=== RUN   TestSplit
--- FAIL: TestSplit (0.00s)
    split_test.go:42: excepted:[River has River], got:[ River has River]
FAIL
exit status 1
FAIL    github.com/Q1mi/studygo/code_demo/test_demo/split       0.006s

There is a problem in our test. Take a close look at the printed test failure prompt message: excluded: [River has River], got: [River has River], you will find that there is an inconspicuous empty string in [River has River], in this case,% ාv format is recommended.

We modify the format output error prompt of the following test case:

func TestSplit(t *testing.T) {
   ...
   
	for _, tc := range tests {
		got := Split(tc.input, tc.sep)
		if !reflect.DeepEqual(got, tc.want) {
			t.Errorf("excepted:%#v, got:%#v", tc.want, got)
		}
	}
}

After running the go test command, you can see the obvious prompt message:

split $ go test -v
=== RUN   TestSplit
--- FAIL: TestSplit (0.00s)
    split_test.go:42: excepted:[]string{"River has", "Another river"}, got:[]string{"", "River has", "Another river"}
FAIL
exit status 1
FAIL    github.com/Q1mi/studygo/code_demo/test_demo/split       0.006s

Sub test

It seems to be pretty good, but if there are many test cases, we can't see which test case failed at a glance. We may come up with the following solutions:

func TestSplit(t *testing.T) {
	type test struct { // Define test structure
		input string
		sep   string
		want  []string
	}
	tests := map[string]test{ // Test cases using map storage
		"simple":      {input: "a:b:c", sep: ":", want: []string{"a", "b", "c"}},
		"wrong sep":   {input: "a:b:c", sep: ",", want: []string{"a:b:c"}},
		"more sep":    {input: "abcd", sep: "bc", want: []string{"a", "d"}},
		"leading sep": {input: "Sand river has sand and river", sep: "sand", want: []string{"River has", "Another river"}},
	}
	for name, tc := range tests {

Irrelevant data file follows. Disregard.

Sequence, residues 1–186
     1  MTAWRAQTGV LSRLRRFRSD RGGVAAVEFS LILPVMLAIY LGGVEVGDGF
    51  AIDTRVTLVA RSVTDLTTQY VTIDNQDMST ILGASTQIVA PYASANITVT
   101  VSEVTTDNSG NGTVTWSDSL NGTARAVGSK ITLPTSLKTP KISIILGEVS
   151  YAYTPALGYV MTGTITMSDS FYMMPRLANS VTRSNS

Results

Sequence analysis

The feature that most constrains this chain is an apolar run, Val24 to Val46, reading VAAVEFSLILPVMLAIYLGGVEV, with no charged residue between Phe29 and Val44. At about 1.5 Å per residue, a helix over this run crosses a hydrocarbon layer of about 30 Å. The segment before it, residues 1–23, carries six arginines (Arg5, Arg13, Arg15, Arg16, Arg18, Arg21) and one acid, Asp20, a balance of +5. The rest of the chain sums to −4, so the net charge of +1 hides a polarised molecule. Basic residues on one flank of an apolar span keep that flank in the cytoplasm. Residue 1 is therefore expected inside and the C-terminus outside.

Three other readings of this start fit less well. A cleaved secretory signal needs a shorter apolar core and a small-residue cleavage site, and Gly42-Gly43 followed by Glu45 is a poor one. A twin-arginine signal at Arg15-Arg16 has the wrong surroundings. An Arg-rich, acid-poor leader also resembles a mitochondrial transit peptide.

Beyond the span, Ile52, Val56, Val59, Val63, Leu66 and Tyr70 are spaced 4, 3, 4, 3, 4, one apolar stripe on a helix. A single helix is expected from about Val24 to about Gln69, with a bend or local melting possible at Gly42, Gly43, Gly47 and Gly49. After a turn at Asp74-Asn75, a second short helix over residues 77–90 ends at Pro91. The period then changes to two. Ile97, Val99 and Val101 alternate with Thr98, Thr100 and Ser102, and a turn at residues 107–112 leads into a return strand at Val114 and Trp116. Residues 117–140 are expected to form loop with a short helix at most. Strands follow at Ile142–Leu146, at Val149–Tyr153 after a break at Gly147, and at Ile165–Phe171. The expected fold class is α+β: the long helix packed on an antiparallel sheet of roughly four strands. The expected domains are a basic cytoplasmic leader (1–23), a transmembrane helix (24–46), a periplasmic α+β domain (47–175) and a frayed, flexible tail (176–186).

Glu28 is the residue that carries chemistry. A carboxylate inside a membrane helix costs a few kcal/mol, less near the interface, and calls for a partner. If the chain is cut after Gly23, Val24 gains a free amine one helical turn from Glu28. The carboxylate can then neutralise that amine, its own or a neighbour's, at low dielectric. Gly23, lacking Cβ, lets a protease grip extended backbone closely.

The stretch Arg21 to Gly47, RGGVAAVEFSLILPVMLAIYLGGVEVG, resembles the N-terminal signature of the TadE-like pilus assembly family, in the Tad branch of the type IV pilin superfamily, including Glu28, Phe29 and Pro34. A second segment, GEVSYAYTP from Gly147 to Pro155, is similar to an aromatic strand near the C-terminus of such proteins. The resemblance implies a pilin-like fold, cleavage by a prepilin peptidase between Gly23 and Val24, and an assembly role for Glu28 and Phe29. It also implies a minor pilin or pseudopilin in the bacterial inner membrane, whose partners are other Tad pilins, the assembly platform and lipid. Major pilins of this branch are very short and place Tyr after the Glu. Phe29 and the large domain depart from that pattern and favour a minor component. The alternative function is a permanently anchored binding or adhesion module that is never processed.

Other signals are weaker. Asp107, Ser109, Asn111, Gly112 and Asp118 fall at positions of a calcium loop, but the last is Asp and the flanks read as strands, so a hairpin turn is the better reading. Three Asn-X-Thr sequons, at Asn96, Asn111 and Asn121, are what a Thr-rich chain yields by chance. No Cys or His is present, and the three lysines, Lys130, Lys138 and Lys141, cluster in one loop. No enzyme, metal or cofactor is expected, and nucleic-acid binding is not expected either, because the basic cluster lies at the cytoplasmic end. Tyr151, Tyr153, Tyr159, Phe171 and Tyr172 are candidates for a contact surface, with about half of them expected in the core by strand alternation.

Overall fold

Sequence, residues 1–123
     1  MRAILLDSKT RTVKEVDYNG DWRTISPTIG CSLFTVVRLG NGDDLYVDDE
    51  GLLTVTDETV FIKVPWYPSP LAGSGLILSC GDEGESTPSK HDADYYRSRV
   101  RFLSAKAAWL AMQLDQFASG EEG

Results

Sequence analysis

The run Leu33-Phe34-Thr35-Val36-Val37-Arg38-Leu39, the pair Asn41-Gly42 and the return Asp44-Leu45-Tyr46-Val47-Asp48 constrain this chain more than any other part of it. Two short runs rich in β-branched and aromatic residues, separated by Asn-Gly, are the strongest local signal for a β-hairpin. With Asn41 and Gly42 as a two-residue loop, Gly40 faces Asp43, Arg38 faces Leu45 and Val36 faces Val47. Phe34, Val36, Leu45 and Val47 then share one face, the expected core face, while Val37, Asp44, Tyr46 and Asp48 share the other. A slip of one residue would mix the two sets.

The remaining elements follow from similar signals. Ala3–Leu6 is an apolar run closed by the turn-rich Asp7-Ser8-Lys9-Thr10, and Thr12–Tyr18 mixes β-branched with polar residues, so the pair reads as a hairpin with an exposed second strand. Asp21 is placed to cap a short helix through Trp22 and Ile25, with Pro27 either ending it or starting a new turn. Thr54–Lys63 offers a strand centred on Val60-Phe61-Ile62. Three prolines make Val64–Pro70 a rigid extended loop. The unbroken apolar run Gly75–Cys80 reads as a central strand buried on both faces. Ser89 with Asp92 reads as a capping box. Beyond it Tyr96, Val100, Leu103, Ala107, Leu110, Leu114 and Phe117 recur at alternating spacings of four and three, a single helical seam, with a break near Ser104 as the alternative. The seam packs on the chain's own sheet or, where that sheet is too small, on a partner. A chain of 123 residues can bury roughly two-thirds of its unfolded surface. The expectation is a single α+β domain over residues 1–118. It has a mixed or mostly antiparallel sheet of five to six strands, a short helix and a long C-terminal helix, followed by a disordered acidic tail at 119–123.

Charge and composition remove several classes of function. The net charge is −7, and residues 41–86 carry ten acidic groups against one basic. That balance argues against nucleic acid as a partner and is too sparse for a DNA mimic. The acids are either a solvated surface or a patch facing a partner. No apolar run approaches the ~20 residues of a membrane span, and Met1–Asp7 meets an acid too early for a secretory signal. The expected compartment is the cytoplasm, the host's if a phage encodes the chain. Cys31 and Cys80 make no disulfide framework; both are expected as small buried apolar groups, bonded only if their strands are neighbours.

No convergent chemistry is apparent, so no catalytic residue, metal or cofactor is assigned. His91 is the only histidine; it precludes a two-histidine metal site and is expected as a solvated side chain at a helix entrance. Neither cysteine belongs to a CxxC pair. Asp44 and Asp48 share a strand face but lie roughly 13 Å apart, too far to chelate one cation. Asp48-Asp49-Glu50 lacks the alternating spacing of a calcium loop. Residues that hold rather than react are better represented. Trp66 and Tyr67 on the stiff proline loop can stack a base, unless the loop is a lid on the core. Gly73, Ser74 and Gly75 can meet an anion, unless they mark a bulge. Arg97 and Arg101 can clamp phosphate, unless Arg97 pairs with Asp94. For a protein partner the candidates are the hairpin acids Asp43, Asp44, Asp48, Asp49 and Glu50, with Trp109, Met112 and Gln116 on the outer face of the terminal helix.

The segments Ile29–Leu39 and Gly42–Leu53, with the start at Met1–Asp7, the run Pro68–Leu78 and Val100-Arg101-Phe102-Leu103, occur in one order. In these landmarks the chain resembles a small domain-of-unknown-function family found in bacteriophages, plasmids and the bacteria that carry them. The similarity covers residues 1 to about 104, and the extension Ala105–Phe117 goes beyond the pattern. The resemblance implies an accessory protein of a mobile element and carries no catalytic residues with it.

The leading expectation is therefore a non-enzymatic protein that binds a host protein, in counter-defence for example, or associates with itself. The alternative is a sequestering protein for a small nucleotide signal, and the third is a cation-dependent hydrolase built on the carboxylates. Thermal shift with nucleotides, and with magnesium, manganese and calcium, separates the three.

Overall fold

got := Split(tc.input, tc.sep)
		if !reflect.DeepEqual(got, tc.want) {
			t.Errorf("name:%s excepted:%#v, got:%#v", name, tc.want, got) / / format the name of the test case as output
		}
	}
}

The above approach can solve the problem. At the same time, sub tests are added in Go1.7 +, we can use t.Run to execute sub tests as follows:

func TestSplit(t *testing.T) {
	type test struct { // Define test structure
		input string
		sep   string
		want  []string
	}
	tests := map[string]test{ // Test cases using map storage
		"simple":      {input: "a:b:c", sep: ":", want: []string{"a", "b", "c"}},
		"wrong sep":   {input: "a:b:c", sep: ",", want: []string{"a:b:c"}},
		"more sep":    {input: "abcd", sep: "bc", want: []string{"a", "d"}},
		"leading sep": {input: "Sand river has sand and river", sep: "sand", want: []string{"River has", "Another river"}},
	}
	for name, tc := range tests {
		t.Run(name, func(t *testing.T) { // Use t.Run() to perform subtests
			got := Split(tc.input, tc.sep)
			if !reflect.DeepEqual(got, tc.want) {
				t.Errorf("excepted:%#v, got:%#v", tc.want, got)
			}
		})
	}
}

At this point, we can see a clearer output after executing the go test command:

split $ go test -v
=== RUN   TestSplit
=== RUN   TestSplit/leading_sep
=== RUN   TestSplit/simple
=== RUN   TestSplit/wrong_sep
=== RUN   TestSplit/more_sep
--- FAIL: TestSplit (0.00s)
    --- FAIL: TestSplit/leading_sep (0.00s)
        split_test.go:83: excepted:[]string{"River has", "Another river"}, got:[]string{"", "River has", "Another river"}
    --- PASS: TestSplit/simple (0.00s)
    --- PASS: TestSplit/wrong_sep (0.00s)
    --- PASS: TestSplit/more_sep (0.00s)
FAIL
exit status 1
FAIL    github.com/Q1mi/studygo/code_demo/test_demo/split       0.006s

At this time, we need to correct the errors in the test cases:

func TestSplit(t *testing.T) {
	...
	tests := map[string]test{ // Test cases using map storage
		"simple":      {input: "a:b:c", sep: ":", want: []string{"a", "b", "c"}},
		"wrong sep":   {input: "a:b:c", sep: ",", want: []string{"a:b:c"}},
		"more sep":    {input: "abcd", sep: "bc", want: []string{"a", "d"}},
		"leading sep": {input: "Sand river has sand and river", sep: "sand", want: []string{"", "River has", "Another river"}},
	}
	...
}